Check out the full article here. — Mario Moretto.
- U.S. Supreme Court divided over Obamacare subsidies challenge — Lawrence Hurley, Reuters.
- How the court’s Obamacare ruling could affect Maine — Jackie Farwell, BDN.
- LePage vows to spend ‘rest of my days’ fighting opponents of income tax cuts — Mario Moretto, BDN.
- Why Emily Cain announced another congressional bid just four months after losing her first — Christopher Cousins, BDN.
- FairPoint losses accelerated to $43.6 million during strike — Darren Fishell, BDN.
- Hospital executives call LePage health reforms bad medicine for Maine — Scott Thistle, Sun Journal.
- U.S. ambassador to South Korea slashed in face by assailant — Reuters.
I didn’t wear a coat for one second yesterday. The mood boost it gave me probably looked more like stimulants than sunshine to casual observers. I’m sure I’m not alone in crossing my fingers hoping for more days like that in the weeks to come.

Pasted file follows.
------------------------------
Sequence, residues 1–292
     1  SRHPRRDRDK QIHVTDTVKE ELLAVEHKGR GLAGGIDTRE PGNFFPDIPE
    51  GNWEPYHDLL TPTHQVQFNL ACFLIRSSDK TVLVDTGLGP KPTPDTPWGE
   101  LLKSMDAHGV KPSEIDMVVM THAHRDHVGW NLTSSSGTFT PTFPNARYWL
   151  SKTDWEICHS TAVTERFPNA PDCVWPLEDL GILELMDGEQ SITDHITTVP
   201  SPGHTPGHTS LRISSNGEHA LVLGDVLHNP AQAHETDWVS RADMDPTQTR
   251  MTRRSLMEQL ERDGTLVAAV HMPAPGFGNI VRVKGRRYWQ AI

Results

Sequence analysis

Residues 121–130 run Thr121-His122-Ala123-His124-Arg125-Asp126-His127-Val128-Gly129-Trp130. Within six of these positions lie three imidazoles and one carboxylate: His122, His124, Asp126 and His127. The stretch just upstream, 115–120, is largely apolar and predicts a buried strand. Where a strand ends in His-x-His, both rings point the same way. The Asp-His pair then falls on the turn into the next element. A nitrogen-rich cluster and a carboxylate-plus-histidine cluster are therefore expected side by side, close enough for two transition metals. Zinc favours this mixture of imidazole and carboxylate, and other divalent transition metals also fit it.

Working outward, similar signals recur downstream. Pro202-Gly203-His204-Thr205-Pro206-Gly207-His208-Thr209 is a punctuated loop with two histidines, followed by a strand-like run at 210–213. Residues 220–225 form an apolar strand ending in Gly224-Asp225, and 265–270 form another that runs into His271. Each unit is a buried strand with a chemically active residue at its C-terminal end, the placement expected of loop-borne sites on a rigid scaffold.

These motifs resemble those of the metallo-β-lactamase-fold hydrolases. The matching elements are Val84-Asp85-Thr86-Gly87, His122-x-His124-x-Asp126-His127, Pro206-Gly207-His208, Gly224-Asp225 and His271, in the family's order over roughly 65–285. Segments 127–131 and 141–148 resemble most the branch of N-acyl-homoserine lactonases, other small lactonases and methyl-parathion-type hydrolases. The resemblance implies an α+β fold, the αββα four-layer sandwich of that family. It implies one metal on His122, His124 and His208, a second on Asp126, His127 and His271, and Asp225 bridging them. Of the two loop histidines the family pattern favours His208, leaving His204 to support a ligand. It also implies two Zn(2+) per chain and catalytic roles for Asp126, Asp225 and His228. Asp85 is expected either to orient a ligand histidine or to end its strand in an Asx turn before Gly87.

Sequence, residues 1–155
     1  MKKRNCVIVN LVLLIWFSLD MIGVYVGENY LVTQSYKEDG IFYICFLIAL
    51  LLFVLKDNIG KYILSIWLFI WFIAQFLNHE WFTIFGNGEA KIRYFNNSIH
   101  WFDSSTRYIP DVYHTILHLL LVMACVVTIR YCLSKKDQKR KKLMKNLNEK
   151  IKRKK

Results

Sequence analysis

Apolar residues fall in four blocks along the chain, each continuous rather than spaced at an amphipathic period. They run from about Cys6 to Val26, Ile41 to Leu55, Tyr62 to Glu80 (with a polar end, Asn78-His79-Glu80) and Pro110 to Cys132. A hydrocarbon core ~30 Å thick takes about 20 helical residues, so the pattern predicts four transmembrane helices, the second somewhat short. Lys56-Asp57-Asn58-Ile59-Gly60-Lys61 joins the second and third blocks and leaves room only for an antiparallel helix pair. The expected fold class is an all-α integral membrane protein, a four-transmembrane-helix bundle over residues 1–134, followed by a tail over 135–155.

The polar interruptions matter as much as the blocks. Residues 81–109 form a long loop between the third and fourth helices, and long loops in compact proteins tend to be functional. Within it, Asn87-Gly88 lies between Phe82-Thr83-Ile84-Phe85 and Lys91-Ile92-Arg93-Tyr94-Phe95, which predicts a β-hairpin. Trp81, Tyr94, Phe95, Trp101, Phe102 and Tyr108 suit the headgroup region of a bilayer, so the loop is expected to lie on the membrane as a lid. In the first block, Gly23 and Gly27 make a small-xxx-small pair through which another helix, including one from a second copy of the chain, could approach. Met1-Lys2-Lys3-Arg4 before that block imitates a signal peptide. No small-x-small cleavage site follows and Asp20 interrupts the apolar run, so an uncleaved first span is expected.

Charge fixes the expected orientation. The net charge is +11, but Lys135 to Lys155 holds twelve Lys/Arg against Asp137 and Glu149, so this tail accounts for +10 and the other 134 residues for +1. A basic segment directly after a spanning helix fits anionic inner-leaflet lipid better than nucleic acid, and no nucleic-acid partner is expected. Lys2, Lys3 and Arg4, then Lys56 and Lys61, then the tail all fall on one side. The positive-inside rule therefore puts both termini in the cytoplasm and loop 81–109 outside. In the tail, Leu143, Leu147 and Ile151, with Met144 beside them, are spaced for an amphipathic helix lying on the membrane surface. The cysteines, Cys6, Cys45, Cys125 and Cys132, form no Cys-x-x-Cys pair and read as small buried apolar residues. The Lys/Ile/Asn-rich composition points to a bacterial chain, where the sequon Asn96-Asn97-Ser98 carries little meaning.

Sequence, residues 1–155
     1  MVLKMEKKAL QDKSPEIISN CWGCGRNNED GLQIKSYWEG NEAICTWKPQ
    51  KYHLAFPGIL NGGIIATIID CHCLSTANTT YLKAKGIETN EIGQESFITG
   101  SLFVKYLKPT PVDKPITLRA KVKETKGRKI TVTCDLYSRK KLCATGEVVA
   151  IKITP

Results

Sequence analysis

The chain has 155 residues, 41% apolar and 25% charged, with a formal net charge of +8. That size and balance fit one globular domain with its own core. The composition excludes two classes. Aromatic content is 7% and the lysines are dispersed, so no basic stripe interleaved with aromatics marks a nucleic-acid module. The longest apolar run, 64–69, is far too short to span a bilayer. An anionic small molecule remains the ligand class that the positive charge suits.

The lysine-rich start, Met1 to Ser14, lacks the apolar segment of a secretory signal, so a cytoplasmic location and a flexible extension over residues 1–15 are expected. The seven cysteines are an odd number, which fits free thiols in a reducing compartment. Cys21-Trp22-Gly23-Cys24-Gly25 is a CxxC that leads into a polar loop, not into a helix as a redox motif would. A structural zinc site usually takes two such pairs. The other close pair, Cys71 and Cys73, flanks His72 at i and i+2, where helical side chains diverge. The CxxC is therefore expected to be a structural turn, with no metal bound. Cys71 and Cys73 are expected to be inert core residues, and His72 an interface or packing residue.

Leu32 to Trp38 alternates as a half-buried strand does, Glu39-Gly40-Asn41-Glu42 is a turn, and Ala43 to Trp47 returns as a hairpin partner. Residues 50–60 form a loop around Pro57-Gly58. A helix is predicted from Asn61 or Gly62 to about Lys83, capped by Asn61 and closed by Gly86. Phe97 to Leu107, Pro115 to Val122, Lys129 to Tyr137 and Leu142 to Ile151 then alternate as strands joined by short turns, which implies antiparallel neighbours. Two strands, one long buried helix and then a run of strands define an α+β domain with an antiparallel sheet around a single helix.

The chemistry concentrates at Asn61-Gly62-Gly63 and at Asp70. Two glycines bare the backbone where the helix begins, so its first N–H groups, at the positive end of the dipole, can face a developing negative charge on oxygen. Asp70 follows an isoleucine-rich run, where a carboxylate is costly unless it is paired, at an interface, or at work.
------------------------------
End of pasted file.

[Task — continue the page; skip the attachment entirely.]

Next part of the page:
As we approach mud season, the only downside is that there’s going to be fewer opportunities to play in the snow. So I offer you two case studies in how to go big with what’s left of the white stuff: Our own John Holyoke’s tale of overnight survival and snow-density mathematics (that’s him in the above photo, by BDN’s Brian Feulner), and the Sun Journal’s Scott Thistle on how he built the “Winter Man Cave 2.0.”
Get inspired, folks. Spring is just around the corner. — Mario Moretto